The following article features coverage from the 2021 American Society of Clinical Oncology (ASCO) Annual Meeting. Click here to read more of Oncology Nurse Advisor‘s conference coverage.

Capecitabine maintenance improved progression-free survival (PFS), but not overall survival (OS), when compared with active monitoring in patients with metastatic colorectal cancer (mCRC), according to data from the FOCUS4-N trial.

The data were presented at the 2021 American Society of Clinical Oncology (ASCO) Annual Meeting by Richard Adams, MD, of Cardiff University in the United Kingdom.

Dr Adams explained that the FOCUS4-N study falls under the umbrella of FOCUS4, a molecularly stratified trial program that enrolled patients with newly diagnosed, inoperable mCRC.


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FOCUS4 researchers performed biomarker analysis on patients’ tumors during the first 16 weeks of first-line chemotherapy. The patients were then stratified based on their molecular subtypes and enrolled in trials of therapies targeting their subtype, including BRAF-mutant, PIK3CA-mutant, KRAS– and TP53-mutant, and wild-type mCRC.

The FOCUS4-N trial was offered to patients who did not fit into the aforementioned subgroups. FOCUS4-N included 254 patients who were randomly assigned to receive capecitabine (n = 127) or active monitoring (n = 127) after induction. There were no significant differences in baseline characteristics between the 2 groups.

Capecitabine conferred an improvement in PFS compared with active monitoring. The median PFS was 3.84 months with capecitabine and 1.87 months with active monitoring (hazard ratio [HR], 0.38; 95% CI, 0.28-0.51; P <.0001).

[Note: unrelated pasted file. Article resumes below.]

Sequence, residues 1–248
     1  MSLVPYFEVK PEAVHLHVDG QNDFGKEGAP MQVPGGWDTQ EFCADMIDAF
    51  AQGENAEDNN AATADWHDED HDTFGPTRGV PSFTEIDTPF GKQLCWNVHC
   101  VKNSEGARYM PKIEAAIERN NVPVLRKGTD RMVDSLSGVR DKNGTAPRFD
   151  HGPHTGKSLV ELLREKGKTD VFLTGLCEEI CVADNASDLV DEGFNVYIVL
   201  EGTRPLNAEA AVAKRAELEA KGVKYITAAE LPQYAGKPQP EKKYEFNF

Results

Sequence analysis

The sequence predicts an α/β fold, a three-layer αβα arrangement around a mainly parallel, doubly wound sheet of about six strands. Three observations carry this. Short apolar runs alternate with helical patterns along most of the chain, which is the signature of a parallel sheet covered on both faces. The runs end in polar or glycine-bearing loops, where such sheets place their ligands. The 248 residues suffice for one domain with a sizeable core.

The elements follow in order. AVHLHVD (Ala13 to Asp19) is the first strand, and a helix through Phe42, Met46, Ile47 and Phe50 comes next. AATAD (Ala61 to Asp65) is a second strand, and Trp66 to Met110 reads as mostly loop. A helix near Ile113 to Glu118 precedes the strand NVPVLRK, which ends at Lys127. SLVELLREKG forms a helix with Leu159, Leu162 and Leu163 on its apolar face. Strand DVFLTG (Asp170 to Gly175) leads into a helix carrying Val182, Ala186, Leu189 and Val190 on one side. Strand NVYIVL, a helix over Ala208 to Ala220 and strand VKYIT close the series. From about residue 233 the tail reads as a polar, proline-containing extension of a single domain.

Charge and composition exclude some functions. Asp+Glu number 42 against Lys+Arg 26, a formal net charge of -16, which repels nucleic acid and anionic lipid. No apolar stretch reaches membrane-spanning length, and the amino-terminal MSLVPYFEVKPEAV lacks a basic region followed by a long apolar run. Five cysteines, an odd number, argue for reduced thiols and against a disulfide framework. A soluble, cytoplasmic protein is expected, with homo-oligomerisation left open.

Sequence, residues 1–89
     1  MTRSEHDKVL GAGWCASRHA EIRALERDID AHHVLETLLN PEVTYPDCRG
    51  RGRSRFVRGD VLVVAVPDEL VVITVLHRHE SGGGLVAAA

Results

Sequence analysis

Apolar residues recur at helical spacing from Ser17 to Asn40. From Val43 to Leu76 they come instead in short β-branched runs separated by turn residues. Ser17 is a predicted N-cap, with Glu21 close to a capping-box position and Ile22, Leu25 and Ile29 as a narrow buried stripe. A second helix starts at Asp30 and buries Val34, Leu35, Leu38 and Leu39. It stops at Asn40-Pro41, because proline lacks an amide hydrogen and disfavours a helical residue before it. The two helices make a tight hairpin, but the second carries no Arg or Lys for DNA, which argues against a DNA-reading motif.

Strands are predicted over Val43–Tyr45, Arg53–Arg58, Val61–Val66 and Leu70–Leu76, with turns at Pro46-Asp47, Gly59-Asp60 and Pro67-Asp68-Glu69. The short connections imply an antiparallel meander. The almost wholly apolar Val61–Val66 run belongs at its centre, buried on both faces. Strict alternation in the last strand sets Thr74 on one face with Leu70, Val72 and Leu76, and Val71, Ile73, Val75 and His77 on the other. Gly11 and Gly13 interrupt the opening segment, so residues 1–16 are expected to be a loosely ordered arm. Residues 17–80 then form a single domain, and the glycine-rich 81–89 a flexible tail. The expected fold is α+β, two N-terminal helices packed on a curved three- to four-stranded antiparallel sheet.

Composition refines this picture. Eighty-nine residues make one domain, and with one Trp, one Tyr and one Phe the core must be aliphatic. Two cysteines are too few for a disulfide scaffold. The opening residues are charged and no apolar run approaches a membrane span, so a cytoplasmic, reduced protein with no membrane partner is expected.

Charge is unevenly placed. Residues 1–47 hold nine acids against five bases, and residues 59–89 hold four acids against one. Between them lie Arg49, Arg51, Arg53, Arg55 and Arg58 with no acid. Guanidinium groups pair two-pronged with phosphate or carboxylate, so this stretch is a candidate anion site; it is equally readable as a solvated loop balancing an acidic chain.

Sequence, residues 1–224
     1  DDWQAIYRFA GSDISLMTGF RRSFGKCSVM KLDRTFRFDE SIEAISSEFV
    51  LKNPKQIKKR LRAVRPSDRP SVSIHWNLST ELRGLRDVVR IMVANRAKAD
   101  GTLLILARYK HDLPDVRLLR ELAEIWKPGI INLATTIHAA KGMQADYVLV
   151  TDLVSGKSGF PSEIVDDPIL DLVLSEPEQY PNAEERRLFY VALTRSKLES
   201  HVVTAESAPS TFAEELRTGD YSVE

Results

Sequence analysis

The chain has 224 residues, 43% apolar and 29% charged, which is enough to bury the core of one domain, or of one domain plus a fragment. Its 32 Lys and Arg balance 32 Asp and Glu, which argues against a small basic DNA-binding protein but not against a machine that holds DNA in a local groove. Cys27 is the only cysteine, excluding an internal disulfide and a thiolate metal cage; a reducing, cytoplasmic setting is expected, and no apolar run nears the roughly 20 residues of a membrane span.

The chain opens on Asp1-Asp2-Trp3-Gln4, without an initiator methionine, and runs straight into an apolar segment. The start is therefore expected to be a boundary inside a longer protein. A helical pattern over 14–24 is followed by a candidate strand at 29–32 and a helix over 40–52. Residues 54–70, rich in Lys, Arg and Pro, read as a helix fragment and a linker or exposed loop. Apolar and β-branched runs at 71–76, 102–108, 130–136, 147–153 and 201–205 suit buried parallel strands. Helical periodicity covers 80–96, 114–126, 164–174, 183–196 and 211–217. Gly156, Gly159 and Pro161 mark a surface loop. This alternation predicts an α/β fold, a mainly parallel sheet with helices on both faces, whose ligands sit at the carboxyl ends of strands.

There was no significant difference in OS between the arms. The median OS was 14.8 months in the capecitabine arm and 15.2 months in the active monitoring arm (HR, 0.93; 95% CI, 0.69-1.27; P =.66).

Adverse events that were more frequent in the capecitabine arm than the active monitoring arm were fatigue, diarrhea, nausea, and hand-foot syndrome. There were no significant differences in quality of life between the arms.

“Capecitabine maintenance strategy is a reasonable option for a clinician to discuss with their patients at the end of their first-line induction chemotherapy, as it essentially doubles the time until the need to return to full-dose/induction systemic anticancer therapy,” Dr Adams said.

“There was no significant difference seen in overall survival, but our trial was underpowered to demonstrate a difference,” he added. “Improved cost-effectiveness of capecitabine monotherapy over capecitabine and bevacizumab is likely, secondary to the higher drug acquisition and administration costs in relation to bevacizumab.”

Disclosures: This research was supported by Cancer Research UK. Some study authors declared affiliations with biotech, pharmaceutical, and/or device companies. Please see the original reference for a full list of authors’ disclosures.

Read more of Oncology Nurse Advisor’s coverage of the 2021 ASCO Annual Meeting by visiting the conference page.

Reference

Adams R, Fisher D, Graham J, et al. Oral maintenance capecitabine versus active monitoring for patients with metastatic colorectal cancer (mCRC) who are stable or responding after 16 weeks of first-line treatment: results from the randomized FOCUS4-N trial. J Clin Oncol. 2021;39:(suppl 15; abstr 3504). doi:10.1200/JCO.2021.39.15_suppl.3504

This article originally appeared on Cancer Therapy Advisor